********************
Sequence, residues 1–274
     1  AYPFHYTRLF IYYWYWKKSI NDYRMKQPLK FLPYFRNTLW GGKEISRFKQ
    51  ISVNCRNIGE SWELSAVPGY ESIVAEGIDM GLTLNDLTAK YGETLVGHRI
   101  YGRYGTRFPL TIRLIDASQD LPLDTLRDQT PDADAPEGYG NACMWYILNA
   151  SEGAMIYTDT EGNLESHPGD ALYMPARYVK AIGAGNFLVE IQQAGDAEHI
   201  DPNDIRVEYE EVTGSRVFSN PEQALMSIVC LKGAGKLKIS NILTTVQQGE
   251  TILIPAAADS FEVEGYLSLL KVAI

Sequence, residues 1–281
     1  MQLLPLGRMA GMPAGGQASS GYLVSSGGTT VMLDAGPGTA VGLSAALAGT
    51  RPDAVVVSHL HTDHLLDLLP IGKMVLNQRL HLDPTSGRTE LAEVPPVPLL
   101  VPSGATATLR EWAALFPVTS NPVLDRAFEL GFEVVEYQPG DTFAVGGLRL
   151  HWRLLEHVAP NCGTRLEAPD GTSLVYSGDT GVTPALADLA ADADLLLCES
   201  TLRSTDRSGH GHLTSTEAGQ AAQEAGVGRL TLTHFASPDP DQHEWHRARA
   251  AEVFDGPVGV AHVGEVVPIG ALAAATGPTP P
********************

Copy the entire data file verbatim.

Sequence, residues 1–274
     1  AYPFHYTRLF IYYWYWKKSI NDYRMKQPLK FLPYFRNTLW GGKEISRFKQ
    51  ISVNCRNIGE SWELSAVPGY ESIVAEGIDM GLTLNDLTAK YGETLVGHRI
   101  YGRYGTRFPL TIRLIDASQD LPLDTLRDQT PDADAPEGYG NACMWYILNA
   151  SEGAMIYTDT EGNLESHPGD ALYMPARYVK AIGAGNFLVE IQQAGDAEHI
   201  DPNDIRVEYE EVTGSRVFSN PEQALMSIVC LKGAGKLKIS NILTTVQQGE
   251  TILIPAAADS FEVEGYLSLL KVAI

Sequence, residues 1–281
     1  MQLLPLGRMA GMPAGGQASS GYLVSSGGTT VMLDAGPGTA VGLSAALAGT
    51  RPDAVVVSHL HTDHLLDLLP IGKMVLNQRL HLDPTSGRTE LAEVPPVPLL
   101  VPSGATATLR EWAALFPVTS NPVLDRAFEL GFEVVEYQPG DTFAVGGLRL
   151  HWRLLEHVAP NCGTRLEAPD GTSLVYSGDT GVTPALADLA ADADLLLCES
   201  TLRSTDRSGH GHLTSTEAGQ AAQEAGVGRL TLTHFASPDP DQHEWHRARA
   251  AEVFDGPVGV AHVGEVVPIG ALAAATGPTP P